Today’s Myatt on Monday’s question was posed by a business school professor who asked: “Do you think we should be worried about the devaluation of the US Dollar?” While the short answer is yes, the reasons underlying the answer are both far reaching and complex. In today’s post I’ll not only give you my thinking on the US Dollar, but also its relationship to more macro economic concerns that left unchecked could give way to the potential for a US recession…
Let’s begin by examining the semi-recent history of the US Dollar (a very brief summary due to space requirements). Prior to World War II it was the British pound sterling which resembled the closest thing to a global standard for currency. The strength of the pound at that time was largely due to the fact that it was issued by an Empire upon which the sun never set. However the fact that neither the Empire nor the British economy survived the war intact gave rise to the growing strength of the US Dollar around the world. During the post war economy the US Dollar continued to grow in strength as the American economy became a worldwide juggernaut building a dominant trade surplus with most of the nations around the world.
While the US Dollar would ebb and flow in its strength over the years with events like the economic battle with the Soviet Union that was waged coterminously with the cold war, the United States declining oil production and resultant increasing dependency on oil imports, the evaporation of our trade surplus and mounting foreign deficit and finally the emergence of strong Asian and European economies, it was the establishment of a single European currency that was perhaps the final nail in the coffin.
Fast forward to last Friday when the US dollar traded down against 11 of the 16 major world currencies and at all time lows against the Euro and it becomes readily apparent to even the most casual observer that a seed change has taken place in the global currency markets. Perhaps most telling is that even the Canadian dollar is now worth more than the US dollar for the first time since the mid 70′s (That bargain Whistler ski vacation of years past just got a bit more expensive).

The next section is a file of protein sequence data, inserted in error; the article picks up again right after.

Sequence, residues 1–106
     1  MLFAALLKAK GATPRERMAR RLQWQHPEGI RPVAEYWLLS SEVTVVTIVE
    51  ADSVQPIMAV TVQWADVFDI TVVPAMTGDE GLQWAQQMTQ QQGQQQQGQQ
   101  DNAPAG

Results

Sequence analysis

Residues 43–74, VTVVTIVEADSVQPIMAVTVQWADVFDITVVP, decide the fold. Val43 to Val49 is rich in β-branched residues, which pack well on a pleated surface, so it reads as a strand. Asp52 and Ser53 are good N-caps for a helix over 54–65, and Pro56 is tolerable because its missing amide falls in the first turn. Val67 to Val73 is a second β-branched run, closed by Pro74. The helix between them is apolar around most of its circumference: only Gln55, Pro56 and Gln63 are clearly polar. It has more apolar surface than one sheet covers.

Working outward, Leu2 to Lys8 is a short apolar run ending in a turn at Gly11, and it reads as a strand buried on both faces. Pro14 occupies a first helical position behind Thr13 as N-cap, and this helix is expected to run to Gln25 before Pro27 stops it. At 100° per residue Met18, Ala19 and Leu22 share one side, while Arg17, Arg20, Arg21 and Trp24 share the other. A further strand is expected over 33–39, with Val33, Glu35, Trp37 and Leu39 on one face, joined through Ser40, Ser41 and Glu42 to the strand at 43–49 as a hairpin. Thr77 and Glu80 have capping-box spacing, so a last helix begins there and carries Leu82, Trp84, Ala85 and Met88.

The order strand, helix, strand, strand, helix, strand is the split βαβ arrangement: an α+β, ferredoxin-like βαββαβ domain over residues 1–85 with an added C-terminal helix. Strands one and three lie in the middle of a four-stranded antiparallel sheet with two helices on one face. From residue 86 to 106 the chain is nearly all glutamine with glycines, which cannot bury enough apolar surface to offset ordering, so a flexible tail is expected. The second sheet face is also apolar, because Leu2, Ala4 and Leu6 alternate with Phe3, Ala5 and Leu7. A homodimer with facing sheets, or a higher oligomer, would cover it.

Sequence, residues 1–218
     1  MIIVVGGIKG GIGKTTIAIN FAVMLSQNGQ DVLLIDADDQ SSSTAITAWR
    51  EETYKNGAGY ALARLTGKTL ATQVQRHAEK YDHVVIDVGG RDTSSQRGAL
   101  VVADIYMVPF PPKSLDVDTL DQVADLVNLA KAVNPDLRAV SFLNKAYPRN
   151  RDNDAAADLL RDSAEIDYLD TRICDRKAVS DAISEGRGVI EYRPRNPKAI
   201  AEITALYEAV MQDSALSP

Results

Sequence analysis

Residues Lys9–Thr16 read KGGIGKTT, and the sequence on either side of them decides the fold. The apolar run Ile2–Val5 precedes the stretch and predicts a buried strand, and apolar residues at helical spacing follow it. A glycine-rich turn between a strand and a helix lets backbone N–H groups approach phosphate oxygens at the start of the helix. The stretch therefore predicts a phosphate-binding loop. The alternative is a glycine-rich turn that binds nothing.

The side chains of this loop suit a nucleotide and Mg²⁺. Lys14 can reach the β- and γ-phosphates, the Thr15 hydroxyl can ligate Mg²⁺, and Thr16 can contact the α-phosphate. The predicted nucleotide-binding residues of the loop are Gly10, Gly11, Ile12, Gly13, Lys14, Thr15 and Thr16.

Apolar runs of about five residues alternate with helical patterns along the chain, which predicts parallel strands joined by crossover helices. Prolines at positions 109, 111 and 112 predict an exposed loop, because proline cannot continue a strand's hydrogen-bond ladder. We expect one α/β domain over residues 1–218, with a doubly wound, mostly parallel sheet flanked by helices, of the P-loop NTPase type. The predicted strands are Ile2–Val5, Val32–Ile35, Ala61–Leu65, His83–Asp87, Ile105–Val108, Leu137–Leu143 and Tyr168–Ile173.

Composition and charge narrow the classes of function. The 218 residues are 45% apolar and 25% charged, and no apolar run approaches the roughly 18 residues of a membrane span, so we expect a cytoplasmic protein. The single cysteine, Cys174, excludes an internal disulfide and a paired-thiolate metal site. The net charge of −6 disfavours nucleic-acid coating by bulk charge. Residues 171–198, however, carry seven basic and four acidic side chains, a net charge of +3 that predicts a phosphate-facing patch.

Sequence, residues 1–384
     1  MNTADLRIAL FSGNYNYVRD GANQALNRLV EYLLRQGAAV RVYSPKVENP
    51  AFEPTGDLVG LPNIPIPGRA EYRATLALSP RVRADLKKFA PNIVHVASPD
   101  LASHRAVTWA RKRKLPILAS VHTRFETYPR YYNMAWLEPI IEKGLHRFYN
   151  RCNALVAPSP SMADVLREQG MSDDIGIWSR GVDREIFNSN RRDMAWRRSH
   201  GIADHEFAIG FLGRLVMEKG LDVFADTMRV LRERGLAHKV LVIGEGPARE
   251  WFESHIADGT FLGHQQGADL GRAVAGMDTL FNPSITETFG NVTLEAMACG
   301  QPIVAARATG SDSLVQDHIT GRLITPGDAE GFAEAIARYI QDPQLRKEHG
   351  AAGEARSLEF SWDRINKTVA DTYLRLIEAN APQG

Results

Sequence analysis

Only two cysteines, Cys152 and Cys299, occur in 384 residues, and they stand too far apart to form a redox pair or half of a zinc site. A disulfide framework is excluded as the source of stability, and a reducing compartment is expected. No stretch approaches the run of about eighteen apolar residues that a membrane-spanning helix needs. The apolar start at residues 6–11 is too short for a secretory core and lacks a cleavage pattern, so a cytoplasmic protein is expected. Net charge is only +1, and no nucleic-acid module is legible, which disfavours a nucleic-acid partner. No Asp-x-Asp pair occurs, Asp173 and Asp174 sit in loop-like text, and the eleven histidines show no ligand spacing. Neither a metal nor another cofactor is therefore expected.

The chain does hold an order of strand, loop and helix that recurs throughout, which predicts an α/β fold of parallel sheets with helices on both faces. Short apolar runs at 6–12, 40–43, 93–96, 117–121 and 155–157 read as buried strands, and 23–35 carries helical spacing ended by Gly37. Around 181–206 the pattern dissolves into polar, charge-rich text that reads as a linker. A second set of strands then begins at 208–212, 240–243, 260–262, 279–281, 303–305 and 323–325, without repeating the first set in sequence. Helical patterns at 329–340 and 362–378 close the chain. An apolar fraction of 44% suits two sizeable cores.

Certainly a major contributing factor to the US dollar’s devaluation last week was the Fed’s easing by cutting interests rates with an aggressive .50 basis point reduction. Along with recent capital infusions this was clearly another defensive move by the Fed to allay concerns over the credit crisis and the consensus opinion that commerce department’s release of home sales data later this week will show yet another decline. Furthermore many speculate the Fed may yet again ease interest rates by another .15 to .25 basis points when they meet again at the end of October.
While my crystal ball is certainly no better than anyone else’s I tend to look at the mounting economic data which depending upon how one connects the dots could certainly give credence to the possibility of a looming recession. Let’s take a look at just some of the data and I’ll let you draw your own conclusions:
- Mounting budget and trade deficits
- Historically weak US dollar
- A credit crisis that is just now beginning to rear its ugly head
- Waning consumer confidence
- The Fed’s aggressive economic policy in an attempt to engineer a soft landing
- August decline in the US non-agricultural employment index
Bottom line…the US dollar is no longer the default world standard currency and economic events of late certainly could be construed to paint a bleak economic picture which does not bode well for the US in general. That being said I am not a doomsdayer in my outlook. Just as markets cycle so do economies and there is a natural cleansing process that must occur to keep financial markets healthy and robust. Just as a stock market often takes a breather before moving onward, economies also have regular periods of expansion and contraction. We are clearly already in the midst of an economic slowdown, but whether it will lead to a recession is my opinion still to early to call. What I can say with a certain amount of confidence is that things are likely to get a bit worse before we see improvement.